Russian President Dmitry Medvedev announced a pilot project Tuesday that will require schoolchildren to take classes in religion or secular ethics.
The proposal is part of a Kremlin effort to teach young Russians morals in the wake of a turbulent period of uncertainty following the collapse of the officially atheist Soviet Union.
Medvedev said preteen students at about 12,000 schools in 18 Russian regions would take the classes. They will be offered the choice of studying the dominant Russian Orthodox religion, Islam, Buddhism or Judaism, or of taking an overview of all four faiths, or a course in secular ethics.
Students and their parents must be allowed to choose freely, Medvedev said in addressing top clerics and officials at his residence outside Moscow. "Any coercion, pressure will be absolutely unacceptable and counterproductive," he said.
Classes may be expanded
By 2012, the classes might be expanded nationwide, Medvedev said. The pilot project includes about 20 percent of Russia's schools.
The offer of a choice appeared aimed to ease concerns that Russian Orthodoxy will be forced on schoolchildren as the church gains influence and tightens ties with the state.
Mandatory classes in Orthodox culture were introduced in a few Russian regions three years ago, but they alarmed adherents of other confessions who said religion has no place in schools in a secular state. The classes also were criticized as being reminiscent of the forced study of communism or scientific atheism during Soviet times, with one mandatory ideology being substituted with another.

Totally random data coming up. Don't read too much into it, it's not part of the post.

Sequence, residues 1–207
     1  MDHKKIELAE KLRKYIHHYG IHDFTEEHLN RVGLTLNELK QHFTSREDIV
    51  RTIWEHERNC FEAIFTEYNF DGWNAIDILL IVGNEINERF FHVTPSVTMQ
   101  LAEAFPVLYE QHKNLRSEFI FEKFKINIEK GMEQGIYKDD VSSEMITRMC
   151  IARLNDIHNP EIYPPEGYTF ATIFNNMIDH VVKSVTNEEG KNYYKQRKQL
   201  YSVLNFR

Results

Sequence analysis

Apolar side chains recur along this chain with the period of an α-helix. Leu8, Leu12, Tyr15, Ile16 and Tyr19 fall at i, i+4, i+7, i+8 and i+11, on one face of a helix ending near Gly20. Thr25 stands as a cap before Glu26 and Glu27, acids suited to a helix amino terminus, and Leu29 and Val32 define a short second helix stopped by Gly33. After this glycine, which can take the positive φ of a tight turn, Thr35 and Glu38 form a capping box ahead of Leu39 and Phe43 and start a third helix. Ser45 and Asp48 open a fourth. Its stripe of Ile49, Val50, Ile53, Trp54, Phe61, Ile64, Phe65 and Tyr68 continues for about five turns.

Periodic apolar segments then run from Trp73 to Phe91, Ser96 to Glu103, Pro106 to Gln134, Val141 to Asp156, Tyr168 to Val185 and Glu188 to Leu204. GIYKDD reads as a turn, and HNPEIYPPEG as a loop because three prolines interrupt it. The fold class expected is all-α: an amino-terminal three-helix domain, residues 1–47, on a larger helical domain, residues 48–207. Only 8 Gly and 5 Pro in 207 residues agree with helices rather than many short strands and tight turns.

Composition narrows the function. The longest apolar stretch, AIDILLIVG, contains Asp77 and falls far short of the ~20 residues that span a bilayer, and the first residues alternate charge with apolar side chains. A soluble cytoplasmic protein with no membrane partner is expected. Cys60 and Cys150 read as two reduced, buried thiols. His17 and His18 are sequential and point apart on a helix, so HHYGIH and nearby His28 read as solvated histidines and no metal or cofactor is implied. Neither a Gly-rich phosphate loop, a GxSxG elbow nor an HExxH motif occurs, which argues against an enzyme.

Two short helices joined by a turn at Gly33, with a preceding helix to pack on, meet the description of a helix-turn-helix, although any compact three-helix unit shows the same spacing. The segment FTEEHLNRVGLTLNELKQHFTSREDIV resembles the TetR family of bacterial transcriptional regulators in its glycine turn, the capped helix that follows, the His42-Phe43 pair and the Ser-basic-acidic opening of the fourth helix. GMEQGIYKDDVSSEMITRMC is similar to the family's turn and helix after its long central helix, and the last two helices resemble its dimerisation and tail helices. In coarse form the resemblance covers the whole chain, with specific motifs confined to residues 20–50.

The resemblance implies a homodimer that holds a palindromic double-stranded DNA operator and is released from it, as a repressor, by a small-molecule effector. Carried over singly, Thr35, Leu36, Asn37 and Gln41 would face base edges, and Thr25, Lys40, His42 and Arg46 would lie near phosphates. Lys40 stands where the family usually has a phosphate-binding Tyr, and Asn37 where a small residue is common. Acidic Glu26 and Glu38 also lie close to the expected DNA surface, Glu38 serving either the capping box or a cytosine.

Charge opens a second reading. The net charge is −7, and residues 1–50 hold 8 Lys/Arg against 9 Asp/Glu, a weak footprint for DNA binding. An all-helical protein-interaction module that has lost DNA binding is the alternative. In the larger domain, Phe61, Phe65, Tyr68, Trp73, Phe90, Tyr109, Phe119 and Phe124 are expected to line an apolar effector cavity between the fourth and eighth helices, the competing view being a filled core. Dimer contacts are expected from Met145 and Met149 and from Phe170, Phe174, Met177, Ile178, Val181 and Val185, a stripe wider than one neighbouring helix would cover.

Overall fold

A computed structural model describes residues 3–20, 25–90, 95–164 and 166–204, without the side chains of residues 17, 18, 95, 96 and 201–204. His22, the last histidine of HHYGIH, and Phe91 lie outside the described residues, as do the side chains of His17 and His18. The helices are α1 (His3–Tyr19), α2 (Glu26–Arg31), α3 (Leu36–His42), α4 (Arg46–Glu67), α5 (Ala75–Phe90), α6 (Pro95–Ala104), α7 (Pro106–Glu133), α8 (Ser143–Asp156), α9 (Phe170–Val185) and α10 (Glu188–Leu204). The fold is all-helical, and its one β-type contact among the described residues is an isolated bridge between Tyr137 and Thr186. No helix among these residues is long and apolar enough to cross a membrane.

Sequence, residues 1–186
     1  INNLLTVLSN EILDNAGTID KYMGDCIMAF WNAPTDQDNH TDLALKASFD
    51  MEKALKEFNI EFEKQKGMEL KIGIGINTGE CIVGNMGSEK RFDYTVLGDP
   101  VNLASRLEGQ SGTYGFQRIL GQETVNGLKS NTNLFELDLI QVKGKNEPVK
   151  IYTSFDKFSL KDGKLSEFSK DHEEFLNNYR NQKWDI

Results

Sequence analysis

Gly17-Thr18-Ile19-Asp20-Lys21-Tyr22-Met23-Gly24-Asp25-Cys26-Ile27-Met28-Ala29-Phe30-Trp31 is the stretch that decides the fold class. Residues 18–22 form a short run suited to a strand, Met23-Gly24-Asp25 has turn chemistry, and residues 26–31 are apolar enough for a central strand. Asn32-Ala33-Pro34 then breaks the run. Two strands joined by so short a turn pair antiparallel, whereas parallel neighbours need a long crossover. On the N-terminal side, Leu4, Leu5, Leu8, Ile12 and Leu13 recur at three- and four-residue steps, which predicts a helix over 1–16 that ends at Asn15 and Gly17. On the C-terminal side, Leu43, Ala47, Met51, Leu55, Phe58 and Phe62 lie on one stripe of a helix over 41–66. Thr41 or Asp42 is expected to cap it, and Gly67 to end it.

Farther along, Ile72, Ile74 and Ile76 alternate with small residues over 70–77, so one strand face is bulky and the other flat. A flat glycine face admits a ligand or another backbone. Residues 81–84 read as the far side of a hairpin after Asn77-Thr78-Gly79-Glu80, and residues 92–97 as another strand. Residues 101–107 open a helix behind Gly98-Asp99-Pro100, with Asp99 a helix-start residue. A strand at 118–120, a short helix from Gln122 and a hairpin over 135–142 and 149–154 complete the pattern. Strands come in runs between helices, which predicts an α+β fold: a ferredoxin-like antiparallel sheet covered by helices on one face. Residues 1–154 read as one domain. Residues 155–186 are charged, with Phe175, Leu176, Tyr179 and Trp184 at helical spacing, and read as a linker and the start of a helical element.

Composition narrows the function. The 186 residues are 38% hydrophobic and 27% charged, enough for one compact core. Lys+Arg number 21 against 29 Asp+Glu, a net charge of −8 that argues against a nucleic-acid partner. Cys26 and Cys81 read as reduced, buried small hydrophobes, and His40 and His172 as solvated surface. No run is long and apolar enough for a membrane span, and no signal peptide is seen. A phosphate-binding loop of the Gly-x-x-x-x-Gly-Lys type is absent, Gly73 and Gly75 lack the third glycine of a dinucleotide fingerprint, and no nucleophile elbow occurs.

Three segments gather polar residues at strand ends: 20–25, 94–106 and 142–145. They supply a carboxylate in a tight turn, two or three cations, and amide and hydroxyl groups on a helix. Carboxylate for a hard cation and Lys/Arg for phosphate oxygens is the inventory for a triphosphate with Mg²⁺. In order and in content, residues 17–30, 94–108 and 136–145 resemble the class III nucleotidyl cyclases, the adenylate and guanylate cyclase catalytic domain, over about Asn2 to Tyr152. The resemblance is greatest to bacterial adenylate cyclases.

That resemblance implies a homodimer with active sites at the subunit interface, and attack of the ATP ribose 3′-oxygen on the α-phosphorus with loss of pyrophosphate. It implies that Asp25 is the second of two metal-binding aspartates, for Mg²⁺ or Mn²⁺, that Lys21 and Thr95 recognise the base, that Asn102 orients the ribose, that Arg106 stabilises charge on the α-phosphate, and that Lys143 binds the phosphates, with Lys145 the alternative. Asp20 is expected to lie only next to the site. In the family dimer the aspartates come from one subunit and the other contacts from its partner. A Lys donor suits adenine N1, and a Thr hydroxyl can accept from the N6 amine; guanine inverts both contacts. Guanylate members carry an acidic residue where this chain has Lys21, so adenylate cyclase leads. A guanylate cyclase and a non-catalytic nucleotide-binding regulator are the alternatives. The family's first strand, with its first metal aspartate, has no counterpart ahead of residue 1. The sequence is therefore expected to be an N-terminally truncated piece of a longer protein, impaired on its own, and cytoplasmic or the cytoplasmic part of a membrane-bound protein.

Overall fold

Russian Orthodox Patriarch Kirill has long pushed for the introduction of Orthodox classes in schools, but he was careful not to criticize the president's initiative. "The free choice and alternatives could serve as the basis for a system" of religious classes, he said.
Medvedev emphasized that the classes will include only "the largest of Russia's traditional religions" — Orthodox Christianity, Islam, Judaism and Buddhism. He omitted other faiths, such as Roman Catholicism or Protestantism, which the Orthodox Church accuses of proselytizing.
Complaints from the nonreligious
Some nonreligious Russians complain that the church has tailored its doctrine to suit the government, which has justified Russia's retreat from Western-style democracy by saying the country has a unique history and culture.
Church and state are officially separate under the post-Soviet constitution, but Orthodox leaders seek a more muscular role for the church, which has served the state for much of its 1,000-year history.
The Russian Orthodox Church counts in its congregation more than 100 million people in Russia and tens of millions elsewhere. But polls show that only about 5 percent of Russians are observant believers.